“Because we do not have networking experience that happens in the IDF, that is why we have created MobileMonday Nazareth, which reaches out to more than 1,500 people to create this networking experience.
It seems to be working. Tsofen’s Nehab says in just six years, the number of Arab engineers employed in the Israeli high-tech industry has gone from 350 to 2,200. “It is still relatively small, but the momentum is with us.” Shakur says there are ambitious targets. “We believe that within 15 years, 15% of the high-tech employees in Israel will be Arabs.”
Lack Of Progress Harming The Peace Process
Dell, Microsoft, Intel, Broadcom and Cisco have all been supportive of the nascent Arab-Israeli tech sector. In Nazareth, an accelerator geared towards Arab Israelis has been launched. Nor is progress limited to that city. Takwin Labs, a Haifa-based accelerator for Arab Israelis, was created in 2014. Its backers include Erel Margalit, founder of Jerusalem Venture Partners; Chemi Peres, co-founder of Pitango Venture Capital and chairman of Al Bawader, the first government-backed fund to target Arab Israelis; and Imad Telhami, founder of Babcom Centers, which helps Arabs integrate into the job market.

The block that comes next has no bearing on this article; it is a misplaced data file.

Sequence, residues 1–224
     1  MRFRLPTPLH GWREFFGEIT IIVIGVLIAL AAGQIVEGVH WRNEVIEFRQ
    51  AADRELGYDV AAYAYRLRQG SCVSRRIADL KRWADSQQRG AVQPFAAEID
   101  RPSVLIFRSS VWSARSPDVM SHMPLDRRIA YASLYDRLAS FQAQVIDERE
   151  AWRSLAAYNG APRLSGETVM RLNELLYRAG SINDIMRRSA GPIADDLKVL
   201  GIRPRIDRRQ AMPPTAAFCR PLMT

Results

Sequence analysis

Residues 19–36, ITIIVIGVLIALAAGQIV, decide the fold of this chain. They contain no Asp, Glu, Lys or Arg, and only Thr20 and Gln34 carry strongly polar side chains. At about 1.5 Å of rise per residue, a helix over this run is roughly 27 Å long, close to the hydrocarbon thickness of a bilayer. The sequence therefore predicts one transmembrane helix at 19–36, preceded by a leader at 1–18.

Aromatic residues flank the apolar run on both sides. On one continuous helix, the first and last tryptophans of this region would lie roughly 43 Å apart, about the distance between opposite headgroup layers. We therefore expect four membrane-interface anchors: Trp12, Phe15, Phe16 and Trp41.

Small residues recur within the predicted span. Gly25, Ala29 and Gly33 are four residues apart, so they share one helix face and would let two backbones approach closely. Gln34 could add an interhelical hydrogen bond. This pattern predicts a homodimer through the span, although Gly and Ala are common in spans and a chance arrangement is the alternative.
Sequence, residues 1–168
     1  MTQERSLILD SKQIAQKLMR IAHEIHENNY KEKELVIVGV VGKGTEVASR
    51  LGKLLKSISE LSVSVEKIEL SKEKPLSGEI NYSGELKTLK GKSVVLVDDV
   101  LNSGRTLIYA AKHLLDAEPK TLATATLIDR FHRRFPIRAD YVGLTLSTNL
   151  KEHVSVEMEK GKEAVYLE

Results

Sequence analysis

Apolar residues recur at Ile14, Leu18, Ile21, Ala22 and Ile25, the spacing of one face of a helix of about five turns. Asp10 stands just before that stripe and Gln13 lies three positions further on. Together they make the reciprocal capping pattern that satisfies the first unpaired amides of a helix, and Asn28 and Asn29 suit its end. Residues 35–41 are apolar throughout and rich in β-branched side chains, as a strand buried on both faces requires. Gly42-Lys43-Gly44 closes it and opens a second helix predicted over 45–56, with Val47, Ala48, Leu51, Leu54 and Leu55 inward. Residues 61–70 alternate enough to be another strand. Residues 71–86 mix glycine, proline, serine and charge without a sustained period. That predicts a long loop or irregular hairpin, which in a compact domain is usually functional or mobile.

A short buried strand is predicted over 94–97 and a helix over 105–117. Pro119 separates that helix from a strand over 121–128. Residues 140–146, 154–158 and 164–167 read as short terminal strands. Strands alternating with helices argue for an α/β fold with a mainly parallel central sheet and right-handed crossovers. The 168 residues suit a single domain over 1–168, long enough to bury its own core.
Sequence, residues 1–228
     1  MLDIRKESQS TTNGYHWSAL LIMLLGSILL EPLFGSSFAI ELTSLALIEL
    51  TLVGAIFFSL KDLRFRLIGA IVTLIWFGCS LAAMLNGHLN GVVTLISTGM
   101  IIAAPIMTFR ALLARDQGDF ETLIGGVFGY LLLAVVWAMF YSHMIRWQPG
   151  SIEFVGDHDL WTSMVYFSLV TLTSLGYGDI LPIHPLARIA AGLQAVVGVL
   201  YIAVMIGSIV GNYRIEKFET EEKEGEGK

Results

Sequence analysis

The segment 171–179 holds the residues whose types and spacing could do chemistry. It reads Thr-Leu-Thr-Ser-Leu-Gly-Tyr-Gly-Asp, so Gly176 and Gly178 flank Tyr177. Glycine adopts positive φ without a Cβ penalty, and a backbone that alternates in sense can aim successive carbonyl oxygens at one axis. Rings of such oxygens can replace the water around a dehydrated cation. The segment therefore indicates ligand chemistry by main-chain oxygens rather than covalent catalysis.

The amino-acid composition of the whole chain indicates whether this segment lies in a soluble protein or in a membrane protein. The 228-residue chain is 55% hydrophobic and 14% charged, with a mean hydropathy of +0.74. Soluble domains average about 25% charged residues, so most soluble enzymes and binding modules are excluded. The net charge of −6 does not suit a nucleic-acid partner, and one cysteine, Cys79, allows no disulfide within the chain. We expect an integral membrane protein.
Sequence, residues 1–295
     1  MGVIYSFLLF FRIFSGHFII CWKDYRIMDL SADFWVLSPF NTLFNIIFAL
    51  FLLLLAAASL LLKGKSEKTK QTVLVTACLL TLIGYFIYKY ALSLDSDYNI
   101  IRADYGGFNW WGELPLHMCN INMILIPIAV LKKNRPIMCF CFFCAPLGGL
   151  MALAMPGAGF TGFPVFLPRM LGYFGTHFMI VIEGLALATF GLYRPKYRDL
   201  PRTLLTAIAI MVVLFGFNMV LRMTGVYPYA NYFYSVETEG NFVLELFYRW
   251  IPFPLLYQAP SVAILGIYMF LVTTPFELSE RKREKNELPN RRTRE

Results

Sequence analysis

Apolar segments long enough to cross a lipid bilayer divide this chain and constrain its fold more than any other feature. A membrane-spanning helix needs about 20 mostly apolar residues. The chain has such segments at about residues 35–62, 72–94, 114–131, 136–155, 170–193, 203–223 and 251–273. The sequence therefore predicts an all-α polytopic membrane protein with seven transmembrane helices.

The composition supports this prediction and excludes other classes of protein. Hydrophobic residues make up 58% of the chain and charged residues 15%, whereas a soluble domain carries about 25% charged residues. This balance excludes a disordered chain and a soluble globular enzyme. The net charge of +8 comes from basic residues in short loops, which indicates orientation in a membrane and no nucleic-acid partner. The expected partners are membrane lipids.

But if Arabs living in Israel are nonetheless still finding it hard to build a high-tech ecosystem, their problems are dwarfed by those living in the West Bank and Gaza. And lack of progress, say those working in the Palestinian territories, could be harming the chances for stability in the region.
Ayman Arandi is co-founder of Iris Solutions, a start-up based in Ramallah in the West Bank that produces “sensory rooms” to help autistic children. The company has built 14 installations in the West Bank and Gaza, serving around 4,000 children. According to Arandi, “we have managed to bring the cost down from around $15,000 to $2,000. We hope within the next year or two we will be able to export this to the U.S. and Europe and Asian markets,” he says.
Building a hardware company in the West Bank, he admits, is challenging. Because of security concerns, Israel operates a rigorous policy of inspections for goods coming into and going out of the Palestinian territories.